Maple rolled her eyes.
“You don’t believe me?” Doriel asked.
“No, I don’t. There’s no way I’m a dead princess.”
“Of course not.”
“And I’m not some princess you thought was dead but turns out to be alive.”
Doriel said nothing. And the longer he said nothing, the more uncomfortable she became.
“What then,” he finally said, “do you think is my reason for saying what I’ve said?”
“It’s not that I don’t believe you,” she said before she made the conversation any more uncomfortable, “it’s just that I’ve heard this story before in the marketplace. Except in that story, the princess trades places with a girl whose head ends up on a spear in front of the castle wall. Poor girl dies, princess lives.”
Doriel almost looked amused. “And what became of her?”
“Some say she’s the current Dark Mistress that plagues the Northlands. Some say she joined the elves and will never be heard of again.” This made Doriel’s eyebrows rise. “And some say it doesn’t matter in the end because stories exaggerate. The two kings killed each other off as kings do. Neither family remains. The end.”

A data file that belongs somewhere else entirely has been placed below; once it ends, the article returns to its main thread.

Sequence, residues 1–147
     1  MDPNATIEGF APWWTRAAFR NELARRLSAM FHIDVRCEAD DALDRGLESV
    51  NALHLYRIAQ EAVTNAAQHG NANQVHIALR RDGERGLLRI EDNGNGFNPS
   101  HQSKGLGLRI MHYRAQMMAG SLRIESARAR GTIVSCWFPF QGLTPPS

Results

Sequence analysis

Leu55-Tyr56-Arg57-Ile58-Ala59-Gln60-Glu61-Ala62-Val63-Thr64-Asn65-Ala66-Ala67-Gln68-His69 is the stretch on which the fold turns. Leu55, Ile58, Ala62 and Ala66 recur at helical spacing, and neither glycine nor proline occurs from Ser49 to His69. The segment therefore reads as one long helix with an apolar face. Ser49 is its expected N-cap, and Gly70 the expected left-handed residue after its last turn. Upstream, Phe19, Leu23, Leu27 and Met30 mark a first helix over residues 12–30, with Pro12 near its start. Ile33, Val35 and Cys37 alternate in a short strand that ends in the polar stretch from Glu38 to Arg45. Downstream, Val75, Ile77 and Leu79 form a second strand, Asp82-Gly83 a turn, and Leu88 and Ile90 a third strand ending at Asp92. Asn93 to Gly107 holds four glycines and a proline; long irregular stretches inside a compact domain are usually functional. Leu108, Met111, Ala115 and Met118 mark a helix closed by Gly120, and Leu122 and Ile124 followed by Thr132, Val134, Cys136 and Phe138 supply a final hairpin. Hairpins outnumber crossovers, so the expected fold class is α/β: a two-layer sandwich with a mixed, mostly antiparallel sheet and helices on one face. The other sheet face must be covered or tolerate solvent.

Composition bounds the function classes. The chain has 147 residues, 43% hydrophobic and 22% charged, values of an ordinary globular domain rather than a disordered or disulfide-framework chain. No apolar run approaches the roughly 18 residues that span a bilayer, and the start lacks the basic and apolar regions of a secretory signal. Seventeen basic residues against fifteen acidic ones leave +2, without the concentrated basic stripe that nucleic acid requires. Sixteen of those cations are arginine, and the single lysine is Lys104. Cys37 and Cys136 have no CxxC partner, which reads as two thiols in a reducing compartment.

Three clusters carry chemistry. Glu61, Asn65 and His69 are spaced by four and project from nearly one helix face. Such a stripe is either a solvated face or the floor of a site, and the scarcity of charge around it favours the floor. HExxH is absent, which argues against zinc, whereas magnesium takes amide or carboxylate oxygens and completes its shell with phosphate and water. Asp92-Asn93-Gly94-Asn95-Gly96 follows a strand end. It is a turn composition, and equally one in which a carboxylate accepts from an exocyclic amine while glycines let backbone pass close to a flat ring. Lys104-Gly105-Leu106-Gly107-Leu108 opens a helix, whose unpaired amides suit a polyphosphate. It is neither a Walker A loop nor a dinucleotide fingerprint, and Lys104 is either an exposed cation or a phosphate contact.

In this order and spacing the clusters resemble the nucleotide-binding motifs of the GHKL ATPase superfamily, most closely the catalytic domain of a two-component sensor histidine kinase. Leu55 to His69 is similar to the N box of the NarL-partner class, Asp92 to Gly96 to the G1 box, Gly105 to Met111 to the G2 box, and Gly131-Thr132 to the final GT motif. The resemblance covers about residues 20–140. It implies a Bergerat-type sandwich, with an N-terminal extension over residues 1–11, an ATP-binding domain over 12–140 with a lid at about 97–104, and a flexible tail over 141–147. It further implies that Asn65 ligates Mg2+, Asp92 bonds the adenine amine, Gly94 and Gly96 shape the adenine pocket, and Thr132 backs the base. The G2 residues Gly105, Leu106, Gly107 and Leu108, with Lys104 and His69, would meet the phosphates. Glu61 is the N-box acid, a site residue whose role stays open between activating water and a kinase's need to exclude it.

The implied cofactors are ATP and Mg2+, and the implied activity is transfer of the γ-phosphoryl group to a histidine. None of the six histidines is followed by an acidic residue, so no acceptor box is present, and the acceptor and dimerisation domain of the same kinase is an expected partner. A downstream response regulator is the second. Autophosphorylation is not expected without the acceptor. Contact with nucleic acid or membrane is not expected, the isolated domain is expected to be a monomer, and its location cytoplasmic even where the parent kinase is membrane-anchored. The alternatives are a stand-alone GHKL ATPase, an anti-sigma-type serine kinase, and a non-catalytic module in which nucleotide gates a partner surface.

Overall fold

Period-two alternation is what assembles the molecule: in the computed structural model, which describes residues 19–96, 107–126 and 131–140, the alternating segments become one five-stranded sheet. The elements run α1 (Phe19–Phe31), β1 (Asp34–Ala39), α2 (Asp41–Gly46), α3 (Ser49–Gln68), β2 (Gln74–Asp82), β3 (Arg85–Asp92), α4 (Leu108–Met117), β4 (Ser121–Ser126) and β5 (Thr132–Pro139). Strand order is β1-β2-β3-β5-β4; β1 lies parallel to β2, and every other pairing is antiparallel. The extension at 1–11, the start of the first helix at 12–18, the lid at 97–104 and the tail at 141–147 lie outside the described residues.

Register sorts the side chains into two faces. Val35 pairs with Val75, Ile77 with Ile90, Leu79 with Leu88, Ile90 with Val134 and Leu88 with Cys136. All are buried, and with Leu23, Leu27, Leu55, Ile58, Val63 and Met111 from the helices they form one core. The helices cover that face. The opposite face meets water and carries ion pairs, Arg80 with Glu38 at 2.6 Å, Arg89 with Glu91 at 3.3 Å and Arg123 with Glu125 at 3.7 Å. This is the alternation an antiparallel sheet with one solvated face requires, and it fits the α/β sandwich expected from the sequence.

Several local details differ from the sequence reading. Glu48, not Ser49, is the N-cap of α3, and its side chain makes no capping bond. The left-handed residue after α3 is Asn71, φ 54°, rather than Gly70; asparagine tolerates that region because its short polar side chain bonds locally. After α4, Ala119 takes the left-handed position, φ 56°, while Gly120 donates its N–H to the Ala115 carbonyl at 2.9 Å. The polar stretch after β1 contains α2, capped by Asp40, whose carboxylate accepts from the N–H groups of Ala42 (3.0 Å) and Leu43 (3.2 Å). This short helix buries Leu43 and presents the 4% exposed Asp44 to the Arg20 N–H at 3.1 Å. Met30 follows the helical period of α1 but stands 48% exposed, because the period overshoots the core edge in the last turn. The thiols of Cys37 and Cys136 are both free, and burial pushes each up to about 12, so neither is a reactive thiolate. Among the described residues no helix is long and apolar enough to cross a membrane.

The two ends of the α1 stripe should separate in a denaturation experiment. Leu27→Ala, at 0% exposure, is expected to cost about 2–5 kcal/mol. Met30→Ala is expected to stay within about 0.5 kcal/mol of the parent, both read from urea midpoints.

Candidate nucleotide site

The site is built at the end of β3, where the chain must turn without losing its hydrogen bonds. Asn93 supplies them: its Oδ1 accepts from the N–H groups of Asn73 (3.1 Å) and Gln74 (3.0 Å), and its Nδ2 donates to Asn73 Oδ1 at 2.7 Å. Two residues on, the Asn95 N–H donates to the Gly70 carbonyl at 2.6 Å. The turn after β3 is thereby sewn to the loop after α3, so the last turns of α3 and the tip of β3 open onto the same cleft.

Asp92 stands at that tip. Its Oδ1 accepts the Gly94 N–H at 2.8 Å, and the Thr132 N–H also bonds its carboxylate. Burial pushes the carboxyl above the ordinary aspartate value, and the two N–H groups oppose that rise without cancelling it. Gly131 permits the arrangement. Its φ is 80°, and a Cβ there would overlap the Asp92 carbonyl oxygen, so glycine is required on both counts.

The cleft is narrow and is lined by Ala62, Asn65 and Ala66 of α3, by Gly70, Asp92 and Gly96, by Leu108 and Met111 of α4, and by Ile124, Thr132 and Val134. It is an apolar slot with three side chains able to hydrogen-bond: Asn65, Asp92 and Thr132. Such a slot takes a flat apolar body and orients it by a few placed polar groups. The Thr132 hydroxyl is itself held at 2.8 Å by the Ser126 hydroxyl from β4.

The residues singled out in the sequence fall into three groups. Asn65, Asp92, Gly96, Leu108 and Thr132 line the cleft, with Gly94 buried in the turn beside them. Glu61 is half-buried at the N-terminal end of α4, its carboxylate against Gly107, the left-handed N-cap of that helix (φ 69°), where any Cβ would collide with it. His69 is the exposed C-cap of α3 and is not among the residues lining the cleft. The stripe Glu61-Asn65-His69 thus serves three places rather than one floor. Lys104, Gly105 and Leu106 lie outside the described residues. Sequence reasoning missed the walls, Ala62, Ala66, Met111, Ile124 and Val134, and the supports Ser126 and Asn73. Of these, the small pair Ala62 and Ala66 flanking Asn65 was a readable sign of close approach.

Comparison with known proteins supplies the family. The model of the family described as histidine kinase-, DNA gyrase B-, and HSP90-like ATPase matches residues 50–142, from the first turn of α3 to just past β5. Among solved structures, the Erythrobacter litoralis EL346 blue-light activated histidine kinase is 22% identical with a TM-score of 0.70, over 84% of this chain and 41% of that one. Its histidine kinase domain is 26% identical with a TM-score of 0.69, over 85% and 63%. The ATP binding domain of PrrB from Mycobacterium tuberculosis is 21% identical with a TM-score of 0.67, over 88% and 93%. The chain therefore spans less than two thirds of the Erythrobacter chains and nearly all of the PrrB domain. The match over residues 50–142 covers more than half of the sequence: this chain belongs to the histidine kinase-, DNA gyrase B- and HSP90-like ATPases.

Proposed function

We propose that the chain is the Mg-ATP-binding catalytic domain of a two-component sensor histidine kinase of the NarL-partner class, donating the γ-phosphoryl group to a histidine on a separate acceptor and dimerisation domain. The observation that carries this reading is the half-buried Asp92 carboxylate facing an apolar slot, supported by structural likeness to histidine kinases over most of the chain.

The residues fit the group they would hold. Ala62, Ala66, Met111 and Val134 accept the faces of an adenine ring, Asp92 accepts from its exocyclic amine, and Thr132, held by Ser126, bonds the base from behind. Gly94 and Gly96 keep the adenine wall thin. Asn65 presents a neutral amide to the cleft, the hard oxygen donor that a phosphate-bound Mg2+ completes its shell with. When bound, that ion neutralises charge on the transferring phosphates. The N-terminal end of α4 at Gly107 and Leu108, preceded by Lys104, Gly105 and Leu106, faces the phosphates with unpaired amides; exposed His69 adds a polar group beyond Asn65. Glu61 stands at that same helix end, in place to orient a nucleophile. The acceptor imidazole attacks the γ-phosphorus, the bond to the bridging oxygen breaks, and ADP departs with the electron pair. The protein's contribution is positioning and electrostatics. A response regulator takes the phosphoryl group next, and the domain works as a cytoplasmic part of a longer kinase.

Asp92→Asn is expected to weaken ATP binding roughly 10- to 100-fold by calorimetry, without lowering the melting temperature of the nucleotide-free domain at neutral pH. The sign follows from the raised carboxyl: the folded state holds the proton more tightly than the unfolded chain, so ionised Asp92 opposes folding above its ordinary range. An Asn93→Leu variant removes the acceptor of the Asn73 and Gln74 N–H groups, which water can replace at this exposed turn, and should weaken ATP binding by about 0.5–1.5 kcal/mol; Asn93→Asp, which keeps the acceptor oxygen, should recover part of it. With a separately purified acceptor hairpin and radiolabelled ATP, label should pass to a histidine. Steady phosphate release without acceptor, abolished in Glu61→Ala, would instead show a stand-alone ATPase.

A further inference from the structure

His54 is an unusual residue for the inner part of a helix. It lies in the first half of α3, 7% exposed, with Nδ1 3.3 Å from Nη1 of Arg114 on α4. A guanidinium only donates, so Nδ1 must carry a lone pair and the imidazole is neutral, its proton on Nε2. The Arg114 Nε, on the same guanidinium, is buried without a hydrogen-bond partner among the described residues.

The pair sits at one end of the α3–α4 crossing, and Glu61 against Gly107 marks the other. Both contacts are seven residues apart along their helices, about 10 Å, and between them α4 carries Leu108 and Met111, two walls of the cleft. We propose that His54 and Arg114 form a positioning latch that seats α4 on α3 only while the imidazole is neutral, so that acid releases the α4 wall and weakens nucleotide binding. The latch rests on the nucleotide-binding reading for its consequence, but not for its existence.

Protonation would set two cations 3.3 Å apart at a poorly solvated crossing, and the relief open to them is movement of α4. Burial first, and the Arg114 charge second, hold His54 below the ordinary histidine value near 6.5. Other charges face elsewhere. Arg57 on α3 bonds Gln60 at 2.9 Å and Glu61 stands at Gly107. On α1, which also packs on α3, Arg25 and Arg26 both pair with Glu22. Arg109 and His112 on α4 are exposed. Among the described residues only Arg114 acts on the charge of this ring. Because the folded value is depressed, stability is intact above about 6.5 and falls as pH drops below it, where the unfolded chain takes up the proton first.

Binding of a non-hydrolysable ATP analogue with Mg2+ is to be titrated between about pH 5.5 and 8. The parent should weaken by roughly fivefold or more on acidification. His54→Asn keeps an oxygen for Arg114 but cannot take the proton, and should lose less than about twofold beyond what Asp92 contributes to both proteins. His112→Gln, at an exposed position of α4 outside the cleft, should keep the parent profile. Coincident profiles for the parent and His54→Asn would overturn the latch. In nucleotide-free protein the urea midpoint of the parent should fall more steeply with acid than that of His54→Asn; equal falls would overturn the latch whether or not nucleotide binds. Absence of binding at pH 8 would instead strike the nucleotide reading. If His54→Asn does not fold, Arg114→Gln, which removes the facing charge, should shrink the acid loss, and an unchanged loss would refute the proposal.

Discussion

Doriel’s attention fixed briefly on the horizon.
“Something I should know about?” Maple didn’t like how often he glanced at the horizon.
“Albraic committed suicide when he saw his family’s bodies stuck on poles like vermin.” Each word was spoken with a bitterness, a fury that surprised her. Doriel kept looking at the horizon. “Corellion died at the hands of his officers, his paranoia justified for once. So, no, they didn’t kill each other as kings do. And you remain, which means at least one of the houses is still alive.”
But which one? Maple though through what he’d said, his fury he kept trying to hide. “So, you served Corellion.”
It took some effort for him to reply. “Yes.”
“I knew it,” she whispered bitterly.
If Doriel had heard it, he ignored her. “As to what happened afterward…It is said that Albraic’s men had stormed Corellion’s castle and killed Corellion’s wife. We thought we’d found his daughter’s body among the dead inside the Keep. With no family to defend, Corellion’s army went their separate ways.” He shrugged. “Some of the rebels asked to join Albraic’s army, but Albraic himself was dead and his kingdom already shattered.”
“What really happened?”